Goldsmith is one of the many volunteers who will miss D’Antonio.
“He and I worked shoulder to shoulder for weeks, and I really developed a profound affection for him,” said Goldsmith. “It was a profound loss. Some of the glue holding the crew [together] went with him.”
Jobe said D’Antonio will be formally remembered in some way when the project is done, perhaps by hanging one of the miniature dories he made in a place of honor inside.
Carol Hong moved to Lanesville in 1999 with her husband, Nicholas Richon, who grew up just down the road. She joined the lunch rotation and jokes that it was because her husband was probably one of the kids causing trouble down at the shack when he was young. But it is more than that.
“I never had the experience of seeing in action what a great community it is,” Hong said. “I’m just so proud of what we’re doing.”
Retiree Arnie Shore is a relative newcomer, having moved here from Brookline with his wife three years ago.
“We became friends with Jim Hafey, and he asked me if I’d like to join the committee and help with fund-raising,” Shore said, and laughed. “I went to my first meeting and he introduced me as chairman of the finance committee. That’s how they do it in Lane’s Cove.”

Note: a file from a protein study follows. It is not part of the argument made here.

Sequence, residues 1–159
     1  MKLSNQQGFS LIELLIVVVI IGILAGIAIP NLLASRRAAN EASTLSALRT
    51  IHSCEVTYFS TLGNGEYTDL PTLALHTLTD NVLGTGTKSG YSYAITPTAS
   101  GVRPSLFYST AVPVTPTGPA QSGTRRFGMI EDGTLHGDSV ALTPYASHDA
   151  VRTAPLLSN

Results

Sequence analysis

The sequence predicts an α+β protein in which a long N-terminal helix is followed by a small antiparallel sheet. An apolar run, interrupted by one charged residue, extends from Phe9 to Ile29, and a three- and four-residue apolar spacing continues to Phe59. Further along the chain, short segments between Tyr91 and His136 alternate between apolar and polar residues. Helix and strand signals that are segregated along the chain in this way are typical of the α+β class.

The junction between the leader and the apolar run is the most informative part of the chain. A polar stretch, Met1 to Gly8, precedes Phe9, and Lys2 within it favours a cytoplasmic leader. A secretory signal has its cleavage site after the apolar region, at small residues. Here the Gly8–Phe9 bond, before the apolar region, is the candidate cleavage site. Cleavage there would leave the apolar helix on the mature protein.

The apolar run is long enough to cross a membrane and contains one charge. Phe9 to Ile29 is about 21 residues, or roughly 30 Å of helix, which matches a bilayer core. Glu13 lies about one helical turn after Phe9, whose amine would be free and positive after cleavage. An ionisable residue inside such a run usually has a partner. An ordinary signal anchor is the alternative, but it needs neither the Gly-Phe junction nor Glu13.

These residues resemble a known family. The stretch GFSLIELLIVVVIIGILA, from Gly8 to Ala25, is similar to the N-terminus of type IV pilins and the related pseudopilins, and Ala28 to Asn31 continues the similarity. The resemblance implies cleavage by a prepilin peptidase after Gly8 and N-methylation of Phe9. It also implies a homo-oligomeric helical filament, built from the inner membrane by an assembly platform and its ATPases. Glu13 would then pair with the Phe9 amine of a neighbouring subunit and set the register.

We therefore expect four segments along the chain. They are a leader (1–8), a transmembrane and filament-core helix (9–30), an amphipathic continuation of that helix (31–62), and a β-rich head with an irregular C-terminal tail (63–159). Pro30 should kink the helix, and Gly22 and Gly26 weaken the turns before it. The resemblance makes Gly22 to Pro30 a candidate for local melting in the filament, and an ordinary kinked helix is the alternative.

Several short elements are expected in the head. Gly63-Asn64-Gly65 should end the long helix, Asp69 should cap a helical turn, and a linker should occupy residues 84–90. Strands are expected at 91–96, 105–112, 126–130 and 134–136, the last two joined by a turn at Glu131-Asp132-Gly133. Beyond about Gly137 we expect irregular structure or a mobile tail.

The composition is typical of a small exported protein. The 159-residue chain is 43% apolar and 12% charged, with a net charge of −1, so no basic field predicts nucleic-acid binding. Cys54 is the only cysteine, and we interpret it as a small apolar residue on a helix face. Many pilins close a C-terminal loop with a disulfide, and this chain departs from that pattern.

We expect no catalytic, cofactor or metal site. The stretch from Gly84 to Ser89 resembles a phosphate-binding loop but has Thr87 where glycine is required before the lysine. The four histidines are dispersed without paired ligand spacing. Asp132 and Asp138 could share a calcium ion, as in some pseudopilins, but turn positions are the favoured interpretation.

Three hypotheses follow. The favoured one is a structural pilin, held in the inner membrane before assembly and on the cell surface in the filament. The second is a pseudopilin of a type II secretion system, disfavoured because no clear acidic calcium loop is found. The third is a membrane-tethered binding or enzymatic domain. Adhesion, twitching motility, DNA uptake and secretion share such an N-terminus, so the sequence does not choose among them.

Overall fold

There may be more artists and other professionals living here than when the fish shack was built, but they love Lane’s Cove as much as ever.
Listen to Jobe on the topic of the Lane’s Cove shack versus the famous red fish shack over in Rockport, which had to be re-created from scratch after the Blizzard of ’78.
“This was Motif No. 1 before Motif No. 1. It’s been painted as much if not more than Motif No. 1,” she said. “And when it got ruined, we didn’t put a Home Depot shack up.”
The roof is new, and a lot of planks have been replaced, but wherever possible, new boards have been “sistered” to existing ones, and new windows fitted into the cockeyed spaces left by the old.
What will be done with the Lane’s Cove shack when it is finished? According to the codes under which it was rebuilt, it must be dedicated to maritime use. Most hope a local fisherman will use it.
Completion is expected in the spring or early summer. But many say they do not want the work to end.
“There are people really worried about what will happen when we finish the project,” Shore said. “It’s just too much fun.”
Joel Brown can be reached at firstname.lastname@example.org.